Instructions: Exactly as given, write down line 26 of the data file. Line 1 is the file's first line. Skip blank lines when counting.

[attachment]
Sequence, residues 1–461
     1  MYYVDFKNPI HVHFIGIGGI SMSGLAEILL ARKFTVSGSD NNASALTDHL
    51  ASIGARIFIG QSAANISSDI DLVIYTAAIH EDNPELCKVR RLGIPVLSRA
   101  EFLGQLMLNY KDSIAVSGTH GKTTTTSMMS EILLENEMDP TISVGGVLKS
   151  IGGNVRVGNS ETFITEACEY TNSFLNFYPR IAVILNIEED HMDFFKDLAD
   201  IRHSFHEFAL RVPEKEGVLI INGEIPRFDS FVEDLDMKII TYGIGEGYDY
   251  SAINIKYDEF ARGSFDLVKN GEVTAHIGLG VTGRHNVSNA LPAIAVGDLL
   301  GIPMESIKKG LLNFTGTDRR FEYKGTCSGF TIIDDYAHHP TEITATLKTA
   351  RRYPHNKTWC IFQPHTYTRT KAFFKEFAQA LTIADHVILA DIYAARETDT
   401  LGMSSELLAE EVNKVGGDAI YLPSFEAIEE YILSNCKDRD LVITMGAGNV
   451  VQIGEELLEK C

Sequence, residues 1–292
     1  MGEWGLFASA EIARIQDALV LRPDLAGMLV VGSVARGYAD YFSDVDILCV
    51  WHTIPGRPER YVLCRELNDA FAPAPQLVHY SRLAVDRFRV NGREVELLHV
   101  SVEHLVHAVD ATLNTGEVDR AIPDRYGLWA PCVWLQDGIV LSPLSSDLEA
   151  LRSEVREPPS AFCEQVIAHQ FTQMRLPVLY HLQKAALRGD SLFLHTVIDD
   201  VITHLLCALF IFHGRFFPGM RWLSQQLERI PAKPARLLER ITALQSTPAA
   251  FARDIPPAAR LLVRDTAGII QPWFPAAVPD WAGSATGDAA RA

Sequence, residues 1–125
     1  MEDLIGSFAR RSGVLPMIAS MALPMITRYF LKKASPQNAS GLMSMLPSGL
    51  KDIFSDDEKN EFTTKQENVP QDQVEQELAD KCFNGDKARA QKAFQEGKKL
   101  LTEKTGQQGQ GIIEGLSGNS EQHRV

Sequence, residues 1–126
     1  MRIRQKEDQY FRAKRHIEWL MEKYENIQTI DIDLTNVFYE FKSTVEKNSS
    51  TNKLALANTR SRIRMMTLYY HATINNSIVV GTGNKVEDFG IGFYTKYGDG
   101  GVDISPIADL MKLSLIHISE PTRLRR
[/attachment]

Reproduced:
   101  GVDISPIADL MKLSLIHISE PTRLRR